• Mail service
  • Fast internet
  • Meeting rooms
  • Day offices
  • Personalized call answering
  • Call forwarding
  • Open coworking
  • 24/7 access
  • Color copying, printing and scanning
  • Mail alerts
  • Package notification
  • A portable phone number
  • and more

Virtual office and coworking members of Pacific Workplaces can create custom plans by including add-ons to base plans. For example, with an open coworking membership, you can add mail forwarding, a bundle of additional meeting room credits, or personalized call answering. With a virtual office membership, you can add on day passes to work in the open coworking space. This way, there’s a membership plan that works for everyone.

Who is a Virtual Office For?

A virtual office membership is good for professionals or companies that need private space to work. Pacific Workplaces virtual office plans serve companies of all sizes, from solopreneurs to mid-size companies and large companies, such as IBM and 3M, that have remote teams or need satellite offices.

Virtual office memberships are also good for teams that need a room for regular meetings or team workdays, and remote employees who avoid the daily commute by occasionally working from home or a remote workspace.

Who is Coworking For?

Coworking is perfect for freelancers, independent professionals and remote workers who want a collaborative atmosphere and don’t need private office space. Coworking professionals at Pacific Workplaces have access to meeting rooms for occasional meetings, and areas to make private calls.

Coworking Inspires Collaboration

Coworking spaces generally have a collaborative atmosphere. The in-house professional networks this inspires can be a big perk for solopreneurs and growing teams. As Warner explains, “If you haven’t fully formed your team, or you need to find an attorney, programmer or designer, being in the coworking area may help you make those connections more easily.”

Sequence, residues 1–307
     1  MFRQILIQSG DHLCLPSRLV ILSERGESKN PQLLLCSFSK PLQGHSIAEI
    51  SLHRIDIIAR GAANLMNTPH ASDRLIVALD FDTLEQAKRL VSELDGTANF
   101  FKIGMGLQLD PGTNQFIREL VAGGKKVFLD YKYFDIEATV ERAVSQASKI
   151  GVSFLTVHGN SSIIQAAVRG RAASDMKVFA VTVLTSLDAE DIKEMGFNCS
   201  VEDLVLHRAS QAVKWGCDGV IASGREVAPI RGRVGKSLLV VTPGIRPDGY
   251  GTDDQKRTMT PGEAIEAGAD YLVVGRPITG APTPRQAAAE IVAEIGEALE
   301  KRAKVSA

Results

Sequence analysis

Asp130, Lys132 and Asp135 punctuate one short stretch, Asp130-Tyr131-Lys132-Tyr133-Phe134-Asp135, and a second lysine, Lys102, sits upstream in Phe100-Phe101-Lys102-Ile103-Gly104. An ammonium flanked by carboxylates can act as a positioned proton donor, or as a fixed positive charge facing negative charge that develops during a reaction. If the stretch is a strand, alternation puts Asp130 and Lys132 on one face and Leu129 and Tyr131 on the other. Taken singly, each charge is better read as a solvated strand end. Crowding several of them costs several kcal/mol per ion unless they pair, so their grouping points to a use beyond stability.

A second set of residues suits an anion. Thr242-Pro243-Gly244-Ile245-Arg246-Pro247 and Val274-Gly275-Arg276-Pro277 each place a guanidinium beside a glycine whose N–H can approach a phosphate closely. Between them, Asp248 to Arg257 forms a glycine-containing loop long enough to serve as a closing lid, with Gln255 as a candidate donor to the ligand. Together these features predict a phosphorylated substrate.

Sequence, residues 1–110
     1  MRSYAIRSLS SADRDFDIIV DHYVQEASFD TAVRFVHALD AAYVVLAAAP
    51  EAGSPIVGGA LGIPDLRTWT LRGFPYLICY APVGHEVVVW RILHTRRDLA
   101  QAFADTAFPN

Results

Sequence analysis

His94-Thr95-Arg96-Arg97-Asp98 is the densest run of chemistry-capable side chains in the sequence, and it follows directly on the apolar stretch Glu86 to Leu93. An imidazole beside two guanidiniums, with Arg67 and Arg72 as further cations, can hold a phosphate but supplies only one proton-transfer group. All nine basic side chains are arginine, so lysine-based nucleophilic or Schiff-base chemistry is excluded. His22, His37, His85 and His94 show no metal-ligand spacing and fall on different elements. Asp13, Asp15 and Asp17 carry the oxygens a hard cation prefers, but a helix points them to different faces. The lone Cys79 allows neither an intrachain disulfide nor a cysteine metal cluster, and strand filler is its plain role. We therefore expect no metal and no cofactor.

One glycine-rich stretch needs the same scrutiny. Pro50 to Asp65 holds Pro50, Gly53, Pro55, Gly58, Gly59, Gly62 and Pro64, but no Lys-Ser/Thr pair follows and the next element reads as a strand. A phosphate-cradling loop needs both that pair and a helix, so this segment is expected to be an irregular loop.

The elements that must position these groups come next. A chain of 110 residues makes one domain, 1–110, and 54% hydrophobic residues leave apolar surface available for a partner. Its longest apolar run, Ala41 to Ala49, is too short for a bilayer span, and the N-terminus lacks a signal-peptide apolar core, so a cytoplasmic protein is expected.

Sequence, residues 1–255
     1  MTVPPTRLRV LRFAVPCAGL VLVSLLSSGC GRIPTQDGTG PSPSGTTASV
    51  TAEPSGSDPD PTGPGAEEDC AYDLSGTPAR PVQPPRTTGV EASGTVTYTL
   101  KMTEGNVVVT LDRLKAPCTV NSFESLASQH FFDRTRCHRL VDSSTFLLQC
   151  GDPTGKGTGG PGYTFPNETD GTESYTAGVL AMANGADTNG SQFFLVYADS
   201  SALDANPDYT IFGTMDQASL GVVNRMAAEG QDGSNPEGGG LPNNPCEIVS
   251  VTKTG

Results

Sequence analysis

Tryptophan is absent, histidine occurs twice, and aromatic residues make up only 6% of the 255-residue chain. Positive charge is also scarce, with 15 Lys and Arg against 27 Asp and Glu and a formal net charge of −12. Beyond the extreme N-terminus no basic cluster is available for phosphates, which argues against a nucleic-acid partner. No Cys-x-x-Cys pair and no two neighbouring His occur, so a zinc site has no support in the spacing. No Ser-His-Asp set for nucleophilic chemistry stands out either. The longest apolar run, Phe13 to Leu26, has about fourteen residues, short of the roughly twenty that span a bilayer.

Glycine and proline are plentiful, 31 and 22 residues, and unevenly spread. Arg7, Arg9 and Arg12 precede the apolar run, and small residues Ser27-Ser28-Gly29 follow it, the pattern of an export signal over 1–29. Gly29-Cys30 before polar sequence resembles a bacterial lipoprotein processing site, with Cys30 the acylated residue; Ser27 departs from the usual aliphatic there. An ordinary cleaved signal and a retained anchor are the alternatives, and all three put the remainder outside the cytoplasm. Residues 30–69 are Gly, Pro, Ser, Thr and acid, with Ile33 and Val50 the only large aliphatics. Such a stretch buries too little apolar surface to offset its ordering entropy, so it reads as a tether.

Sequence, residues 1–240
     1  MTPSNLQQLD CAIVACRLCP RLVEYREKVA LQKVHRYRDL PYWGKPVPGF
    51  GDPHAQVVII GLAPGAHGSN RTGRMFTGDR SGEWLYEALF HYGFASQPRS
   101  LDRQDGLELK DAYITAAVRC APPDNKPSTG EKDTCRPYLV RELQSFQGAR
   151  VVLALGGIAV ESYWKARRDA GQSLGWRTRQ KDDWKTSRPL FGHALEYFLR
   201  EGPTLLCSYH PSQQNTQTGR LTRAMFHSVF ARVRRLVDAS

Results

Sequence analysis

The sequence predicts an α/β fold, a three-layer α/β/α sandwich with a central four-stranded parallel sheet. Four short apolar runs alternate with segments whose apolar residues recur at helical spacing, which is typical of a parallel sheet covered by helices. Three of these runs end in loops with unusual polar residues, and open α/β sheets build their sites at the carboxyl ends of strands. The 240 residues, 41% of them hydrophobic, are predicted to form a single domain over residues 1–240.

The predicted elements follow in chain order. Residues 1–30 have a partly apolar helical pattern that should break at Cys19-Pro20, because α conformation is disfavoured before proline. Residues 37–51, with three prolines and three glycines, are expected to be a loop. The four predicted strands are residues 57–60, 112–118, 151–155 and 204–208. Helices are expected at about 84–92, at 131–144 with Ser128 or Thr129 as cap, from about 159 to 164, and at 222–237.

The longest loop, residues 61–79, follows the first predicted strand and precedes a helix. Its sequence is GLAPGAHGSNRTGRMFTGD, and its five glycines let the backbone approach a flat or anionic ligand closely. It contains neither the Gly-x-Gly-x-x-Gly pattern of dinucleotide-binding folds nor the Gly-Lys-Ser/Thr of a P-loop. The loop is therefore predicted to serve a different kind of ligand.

Clarify Your Business Needs to Decide on a Virtual Office or Coworking Membership

The choice between a virtual office or a coworking membership depends on how you work. Do you need to work in private behind a closed door? If so, a virtual office plan is a great choice. At Pacific Workplaces, the V-Office plan comes with three day passes to work in the open coworking area, so you get the best of both worlds if you need limited coworking time.

If you prefer to work in an open, collaborative space, a coworking membership is likely the best choice for you. The Pacific Workplaces Open Coworking monthly plan comes with credits that can be used for meeting room space and includes meeting room discounts if you go over your allotted credits.

The beauty of both virtual offices and coworking membership at Pacific Workplaces is that you can add on additional services and grow into different plans, as you need them. Membership is on a month-to-month basis (though there are discounts for a year commitment) and can be customized to meet your workspace needs and preferences.

Getting Started at Pacific Workplaces with a Virtual Office or Coworking Membership

If you’re new to virtual offices and coworking, and still aren’t sure which one is right for you, Warner recommends the the V-Office plan. It includes three coworking day passes per month as well as credits for private meeting room space, mail service, and phone services.

“It’s the whole package,” he says. “You have the space, the professional address and the phone answering. You immediately look like you’ve been in business for years even if you’re a startup.”

To decide whether a virtual office or coworking membership is right for your business, determine how many hours you’ll need in the workspace, whether you want private or open space, what level of interaction you want, and how many hours you may need for private meetings or calls. Whatever you decide, Pacific Workplaces can help.

A virtual office or coworking membership can help take your business to the next level. Pacific Workplaces is a leader in the shared workspace industry, offering shared offices in 17 locations, including San Francisco. Find a Pacific Workplaces location near you.

Written by Cat Johnson, a content strategist and coworking member at NextSpace Santa Cruz.